Cosmic fossils : the spectroscopic study of stars and comets




Nelson, Tyler William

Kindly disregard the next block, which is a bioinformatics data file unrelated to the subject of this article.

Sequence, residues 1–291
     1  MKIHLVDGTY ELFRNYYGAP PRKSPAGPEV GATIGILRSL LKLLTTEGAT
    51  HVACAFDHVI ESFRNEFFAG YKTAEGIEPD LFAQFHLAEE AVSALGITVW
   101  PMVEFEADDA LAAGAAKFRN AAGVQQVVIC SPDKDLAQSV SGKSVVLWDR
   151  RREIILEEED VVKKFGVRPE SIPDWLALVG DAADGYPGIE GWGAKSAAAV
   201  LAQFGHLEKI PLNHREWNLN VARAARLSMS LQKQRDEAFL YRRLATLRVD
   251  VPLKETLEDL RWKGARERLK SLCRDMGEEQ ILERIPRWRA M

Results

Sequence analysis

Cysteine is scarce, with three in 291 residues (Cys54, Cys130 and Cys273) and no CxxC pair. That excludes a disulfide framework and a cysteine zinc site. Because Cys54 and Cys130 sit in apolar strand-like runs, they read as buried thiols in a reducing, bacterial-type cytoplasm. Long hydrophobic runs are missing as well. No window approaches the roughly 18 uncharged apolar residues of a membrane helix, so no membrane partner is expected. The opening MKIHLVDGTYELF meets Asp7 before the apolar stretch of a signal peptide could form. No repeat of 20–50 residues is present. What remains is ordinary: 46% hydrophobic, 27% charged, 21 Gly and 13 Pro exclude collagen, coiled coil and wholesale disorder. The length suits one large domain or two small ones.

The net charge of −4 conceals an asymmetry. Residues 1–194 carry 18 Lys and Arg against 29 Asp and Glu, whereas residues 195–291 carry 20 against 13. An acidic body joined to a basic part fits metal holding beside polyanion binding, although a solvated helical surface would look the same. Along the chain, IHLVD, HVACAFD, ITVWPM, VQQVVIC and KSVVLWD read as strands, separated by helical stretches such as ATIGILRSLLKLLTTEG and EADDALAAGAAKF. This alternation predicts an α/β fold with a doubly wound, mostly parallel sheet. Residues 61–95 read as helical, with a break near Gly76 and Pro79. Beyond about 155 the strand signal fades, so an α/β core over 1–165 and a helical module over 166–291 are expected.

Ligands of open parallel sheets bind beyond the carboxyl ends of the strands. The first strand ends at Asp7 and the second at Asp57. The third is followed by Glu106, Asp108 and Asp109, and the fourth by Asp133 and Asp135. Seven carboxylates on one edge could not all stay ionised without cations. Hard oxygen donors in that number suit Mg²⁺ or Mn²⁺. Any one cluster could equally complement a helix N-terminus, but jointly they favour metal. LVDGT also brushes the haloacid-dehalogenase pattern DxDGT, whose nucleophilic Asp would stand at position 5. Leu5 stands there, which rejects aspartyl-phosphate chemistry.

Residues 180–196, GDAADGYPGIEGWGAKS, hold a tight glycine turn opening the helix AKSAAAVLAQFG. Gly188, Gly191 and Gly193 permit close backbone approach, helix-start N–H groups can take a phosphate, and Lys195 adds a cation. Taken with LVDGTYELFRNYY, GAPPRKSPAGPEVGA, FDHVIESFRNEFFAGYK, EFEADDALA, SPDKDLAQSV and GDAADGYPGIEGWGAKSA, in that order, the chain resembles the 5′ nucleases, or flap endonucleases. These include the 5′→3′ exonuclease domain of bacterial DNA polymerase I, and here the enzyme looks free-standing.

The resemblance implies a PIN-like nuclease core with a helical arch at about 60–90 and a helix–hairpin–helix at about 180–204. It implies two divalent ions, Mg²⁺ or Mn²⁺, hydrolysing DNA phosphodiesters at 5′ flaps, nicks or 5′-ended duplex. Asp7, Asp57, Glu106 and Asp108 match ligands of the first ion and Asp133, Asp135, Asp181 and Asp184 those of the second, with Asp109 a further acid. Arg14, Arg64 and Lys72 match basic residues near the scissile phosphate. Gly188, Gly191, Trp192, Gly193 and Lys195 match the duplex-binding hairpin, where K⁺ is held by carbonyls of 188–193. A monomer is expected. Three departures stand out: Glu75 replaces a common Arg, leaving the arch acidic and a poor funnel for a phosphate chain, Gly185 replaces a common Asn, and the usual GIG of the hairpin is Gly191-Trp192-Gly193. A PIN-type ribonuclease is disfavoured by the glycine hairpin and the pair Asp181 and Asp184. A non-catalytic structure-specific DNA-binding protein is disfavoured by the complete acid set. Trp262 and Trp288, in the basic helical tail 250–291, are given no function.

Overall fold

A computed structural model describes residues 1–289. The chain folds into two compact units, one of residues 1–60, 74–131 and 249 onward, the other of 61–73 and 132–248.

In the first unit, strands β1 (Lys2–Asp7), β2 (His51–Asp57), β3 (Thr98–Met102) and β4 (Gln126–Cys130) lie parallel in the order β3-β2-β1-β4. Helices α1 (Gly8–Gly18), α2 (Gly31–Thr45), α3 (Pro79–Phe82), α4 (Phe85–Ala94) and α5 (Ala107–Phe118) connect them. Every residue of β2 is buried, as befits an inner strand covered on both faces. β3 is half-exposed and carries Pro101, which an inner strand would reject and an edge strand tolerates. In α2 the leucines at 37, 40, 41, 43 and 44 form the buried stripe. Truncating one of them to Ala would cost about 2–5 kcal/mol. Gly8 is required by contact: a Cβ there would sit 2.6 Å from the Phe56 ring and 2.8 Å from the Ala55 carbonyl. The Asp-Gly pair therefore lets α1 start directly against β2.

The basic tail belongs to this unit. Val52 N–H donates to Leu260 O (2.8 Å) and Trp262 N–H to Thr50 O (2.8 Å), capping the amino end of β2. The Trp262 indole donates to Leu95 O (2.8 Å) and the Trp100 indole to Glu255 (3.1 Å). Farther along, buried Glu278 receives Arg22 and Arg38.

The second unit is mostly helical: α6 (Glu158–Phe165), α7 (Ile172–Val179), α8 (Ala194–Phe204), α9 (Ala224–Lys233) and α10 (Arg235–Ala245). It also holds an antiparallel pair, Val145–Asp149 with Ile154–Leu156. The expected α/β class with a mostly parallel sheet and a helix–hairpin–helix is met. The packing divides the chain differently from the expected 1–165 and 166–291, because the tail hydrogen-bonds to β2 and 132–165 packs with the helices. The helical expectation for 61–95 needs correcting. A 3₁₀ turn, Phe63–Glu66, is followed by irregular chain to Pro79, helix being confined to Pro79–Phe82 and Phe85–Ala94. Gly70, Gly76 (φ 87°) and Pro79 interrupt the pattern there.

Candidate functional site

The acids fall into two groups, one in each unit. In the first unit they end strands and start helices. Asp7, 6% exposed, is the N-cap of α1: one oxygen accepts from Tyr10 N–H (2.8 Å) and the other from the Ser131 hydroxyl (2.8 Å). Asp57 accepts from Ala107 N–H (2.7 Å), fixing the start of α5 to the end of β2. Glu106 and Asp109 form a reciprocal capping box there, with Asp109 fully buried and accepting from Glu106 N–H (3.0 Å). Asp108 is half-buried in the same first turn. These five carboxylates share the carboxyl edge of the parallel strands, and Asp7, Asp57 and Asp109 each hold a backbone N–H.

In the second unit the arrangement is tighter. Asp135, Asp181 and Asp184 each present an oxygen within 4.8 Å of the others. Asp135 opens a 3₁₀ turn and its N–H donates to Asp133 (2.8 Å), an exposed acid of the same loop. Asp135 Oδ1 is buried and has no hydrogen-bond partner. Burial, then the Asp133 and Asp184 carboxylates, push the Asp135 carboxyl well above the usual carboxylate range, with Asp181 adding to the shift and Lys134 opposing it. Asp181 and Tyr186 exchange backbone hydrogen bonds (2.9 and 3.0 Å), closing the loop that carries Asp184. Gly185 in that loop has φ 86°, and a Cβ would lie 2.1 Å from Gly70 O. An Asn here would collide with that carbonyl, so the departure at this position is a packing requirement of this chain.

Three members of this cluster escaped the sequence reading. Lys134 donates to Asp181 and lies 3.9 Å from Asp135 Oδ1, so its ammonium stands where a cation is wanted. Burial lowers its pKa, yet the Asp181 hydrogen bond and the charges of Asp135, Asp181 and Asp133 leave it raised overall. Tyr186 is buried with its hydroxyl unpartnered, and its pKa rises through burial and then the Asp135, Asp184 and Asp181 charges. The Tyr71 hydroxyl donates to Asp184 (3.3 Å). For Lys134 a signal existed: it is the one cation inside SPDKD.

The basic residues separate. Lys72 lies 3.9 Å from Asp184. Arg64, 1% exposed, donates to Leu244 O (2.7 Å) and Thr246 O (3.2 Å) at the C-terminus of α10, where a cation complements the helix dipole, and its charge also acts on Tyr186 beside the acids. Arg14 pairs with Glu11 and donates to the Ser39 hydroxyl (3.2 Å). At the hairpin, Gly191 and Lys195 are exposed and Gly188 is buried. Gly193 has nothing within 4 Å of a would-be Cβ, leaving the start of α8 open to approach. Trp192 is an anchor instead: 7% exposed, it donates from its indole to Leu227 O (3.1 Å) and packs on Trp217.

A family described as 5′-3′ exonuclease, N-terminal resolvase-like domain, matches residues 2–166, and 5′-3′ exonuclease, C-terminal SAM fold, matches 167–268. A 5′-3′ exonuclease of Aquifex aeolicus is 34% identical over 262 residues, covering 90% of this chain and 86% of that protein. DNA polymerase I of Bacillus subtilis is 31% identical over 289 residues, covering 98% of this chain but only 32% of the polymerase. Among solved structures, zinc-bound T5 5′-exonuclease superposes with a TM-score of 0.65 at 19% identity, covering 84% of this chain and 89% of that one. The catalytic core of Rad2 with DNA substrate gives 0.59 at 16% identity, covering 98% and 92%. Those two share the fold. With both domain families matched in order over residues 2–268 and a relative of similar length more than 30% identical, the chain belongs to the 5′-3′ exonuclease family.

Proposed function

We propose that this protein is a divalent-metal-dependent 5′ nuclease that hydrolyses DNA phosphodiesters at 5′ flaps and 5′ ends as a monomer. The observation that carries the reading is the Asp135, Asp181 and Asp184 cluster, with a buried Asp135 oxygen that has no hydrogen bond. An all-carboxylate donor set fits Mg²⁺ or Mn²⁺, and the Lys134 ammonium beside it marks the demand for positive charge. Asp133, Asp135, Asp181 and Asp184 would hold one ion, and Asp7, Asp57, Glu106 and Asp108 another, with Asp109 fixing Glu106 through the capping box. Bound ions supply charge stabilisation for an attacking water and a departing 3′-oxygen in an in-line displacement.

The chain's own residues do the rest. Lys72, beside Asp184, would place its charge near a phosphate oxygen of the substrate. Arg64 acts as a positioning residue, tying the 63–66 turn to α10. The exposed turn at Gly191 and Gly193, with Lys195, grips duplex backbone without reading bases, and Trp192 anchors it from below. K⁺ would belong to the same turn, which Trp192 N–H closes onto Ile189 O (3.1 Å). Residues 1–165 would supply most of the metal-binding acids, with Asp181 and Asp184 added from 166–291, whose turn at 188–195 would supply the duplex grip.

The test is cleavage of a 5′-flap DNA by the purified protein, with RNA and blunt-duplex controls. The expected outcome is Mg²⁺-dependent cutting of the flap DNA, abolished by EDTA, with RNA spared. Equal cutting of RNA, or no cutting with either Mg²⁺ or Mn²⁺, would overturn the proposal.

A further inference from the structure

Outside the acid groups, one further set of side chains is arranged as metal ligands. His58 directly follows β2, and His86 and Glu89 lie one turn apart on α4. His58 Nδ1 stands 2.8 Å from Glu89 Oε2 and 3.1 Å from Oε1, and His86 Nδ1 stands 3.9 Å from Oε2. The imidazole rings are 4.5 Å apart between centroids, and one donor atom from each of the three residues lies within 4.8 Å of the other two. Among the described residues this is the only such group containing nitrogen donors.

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Chemical Fossils, i.e. objects which preserve their initial elemental composition, provide vital constraints on the nature and evolution of the Universe. The study of these objects is therefore fundamental for astronomy, from the scales of the Solar System, to the Galaxy and beyond. The unique focus of this dissertation is to advance our knowledge of and apply chemical fossils across a wide range of scales (cometary fossils in the Solar System and stellar fossils on a Galactic scale) to better understand the formation and assembly of our Solar System and the Galaxy in which it resides. The first half of this dissertation considers the evolution of the Universe at the scale of a single star, the Sun, and its Solar System, using comets. I concentrate on characterizing the emission spectrum from the diatomic carbon (C₂) Swan bands. This fragment species is ubiquitous in comets. It is commonly used as a proxy to measure production rates of gas as well as a taxonomic classification tool. However, its parent species and the details of its emission are not well understood. A bimodal rotational temperature has been found in the Swan bands for comet 1P/Halley (Lambert et al., 1990). The following models have been proposed to explain this phenomenon: C₂ inheriting excited states from the parent species (Jackson et al., 1996), properties inherent to C₂ through intercombinational/satellite transitions (Lambert et al., 1990), and multiple populations of C₂ present in the photochemical environment (Lambert et al., 1990). Leveraging a unique library of high resolution, high signal-to-noise optical spectra, collected at McDonald Observatory, I investigate the proposed mechanisms for this rotational temperature bimodality for comets 122P/de Vico, 153P/Ikeya-Zhang, and C/1995 O1 (Hale-Bopp). I find bimodal temperatures in all spectra studied and supersolar temperatures in C/1995 O1, which is incompatible with the models from the literature. I suggest the supersolar temperatures for Hale-Bopp are a consequence of heating from the Solar wind for material outside the cometopause. The second half of this dissertation considers cosmic fossils at the scale of the Galaxy. Photospheric abundances of stars are mostly conserved over their lifetimes, and therefore stars can act as chemical fossils for the Galaxy. I focus on the use of chemical tagging within the Milky Way. Chemical tagging of stars is one of the pillars of Galactic Archaeology, motivating numerous large scale surveys. It has dramatically reshaped our knowledge of the Galaxy over the last two decades. Chemical tagging relies upon stars which are born together, i.e. co-natal, sharing a common chemical composition. I find observational evidence for an untapped reservoir of co-natal, co-moving pairs of stars, through the application of chemical tagging. Co-natal stars provide an excellent laboratory for numerous areas of astronomy, from stellar physics, to survey calibration. A common application of chemical tagging is relating a wayward star to a possible birthplace. Hyper- velocity stars (HVSs) are gravitationally unbound to the Milky Way. However the physical mechanisms that give rise to the large velocities of late-type HVSs are poorly understood. To solve this problem, I applied chemo-dynamic tagging to a sample of HVS candidates identified in Gaia data. Since these production mechanisms are connected to specific locations or chemical environments within the Galactic neighborhood, chemical tagging can distinguish which production pathways could create these enigmatic fast stars. I present work on the chemo-dynamic tagging, i.e. using both chemical and kinematic tagging, of late-type candidate HVSs. I find conclusive evidence of one unbound late-type HVS and two marginally unbound HVSs. These stars appear to originate in the ‘in situ’ stellar halo based on their chemical composition and orbit properties. These stars are produced by some of the most extreme astrophysical phenomena in the Galaxy. The origins of these late-type HVS constrain their production mechanisms and hence the importance of these energetic processes within the Galaxy. This knowledge can then be applied to models of the Milky Way’s evolution. Furthermore, expanding the number of HVSs is useful for studying the dark matter halo of the Galaxy.



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